"If guns don't kill people, people kill people - does that mean toasters don't toast toast, toast toast toast?"
User currently offlineSkidmarks From UK - England, joined Dec 2004, 7121 posts, RR: 55
Reply 8, posted (8 years 1 month 2 weeks 1 day 3 hours ago) and read 4198 times:

Indeed Thomas, you are right. However, the opening on the aircraft in question is just on the lower RH side. Even under normal circumstances this will give an unbalanced flow. Which is why I queried that it was actually a TR component.

But, as none of the aircraft I currently deal with has thrust reverse, and the last aircraft was the Nimrod some 12 years ago, my memory may be a tad rusty. Big grin And systems may have improved somewhat!

Be interested to get to the bottom of this though.

Andy  old 



Growing old is compulsory, growing up is optional
User currently offlineThom@s From Norway, joined Oct 2000, 11953 posts, RR: 46
Reply 9, posted (8 years 1 month 2 weeks 1 day 3 hours ago) and read 4192 times:

Quoting Skidmarks (Reply 8):
However, the opening on the aircraft in question is just on the lower RH side.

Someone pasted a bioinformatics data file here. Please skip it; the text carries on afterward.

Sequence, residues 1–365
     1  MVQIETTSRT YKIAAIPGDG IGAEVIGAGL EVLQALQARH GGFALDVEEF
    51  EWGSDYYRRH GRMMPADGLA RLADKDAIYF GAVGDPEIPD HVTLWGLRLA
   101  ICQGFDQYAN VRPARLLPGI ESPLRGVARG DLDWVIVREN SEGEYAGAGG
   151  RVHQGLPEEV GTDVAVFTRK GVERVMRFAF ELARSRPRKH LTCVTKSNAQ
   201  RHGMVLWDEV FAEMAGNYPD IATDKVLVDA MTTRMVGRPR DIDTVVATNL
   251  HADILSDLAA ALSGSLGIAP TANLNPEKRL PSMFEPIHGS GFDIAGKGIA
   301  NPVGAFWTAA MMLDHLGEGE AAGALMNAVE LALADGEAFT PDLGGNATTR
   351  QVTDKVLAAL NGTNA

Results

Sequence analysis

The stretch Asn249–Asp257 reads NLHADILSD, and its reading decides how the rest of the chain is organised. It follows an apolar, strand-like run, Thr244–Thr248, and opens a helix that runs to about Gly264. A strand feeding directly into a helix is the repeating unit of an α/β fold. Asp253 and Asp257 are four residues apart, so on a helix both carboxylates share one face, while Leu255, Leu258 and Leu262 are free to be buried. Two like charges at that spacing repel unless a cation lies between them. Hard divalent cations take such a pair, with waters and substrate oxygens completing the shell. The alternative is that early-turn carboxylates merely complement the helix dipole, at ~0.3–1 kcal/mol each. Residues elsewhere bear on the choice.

Get your reading glasses out Skids...  Wink

If you look closely on the large version of the image in the thread starter, you'll notice a small "tap" underneath both engines. Look just behind the "tap" on the engine to the right. Looks like part of the TR on the other side of the engine to me. In other words the reversers are working as normal on the engine to the right.

But if I'm mistaken, it wouldn't be the first time.  Smile

Thom@s



"If guns don't kill people, people kill people - does that mean toasters don't toast toast, toast toast toast?"
User currently offlineThierryD From Luxembourg, joined Dec 2005, 2070 posts, RR: 51
Reply 10, posted (8 years 1 month 2 weeks 1 day 3 hours ago) and read 4175 times: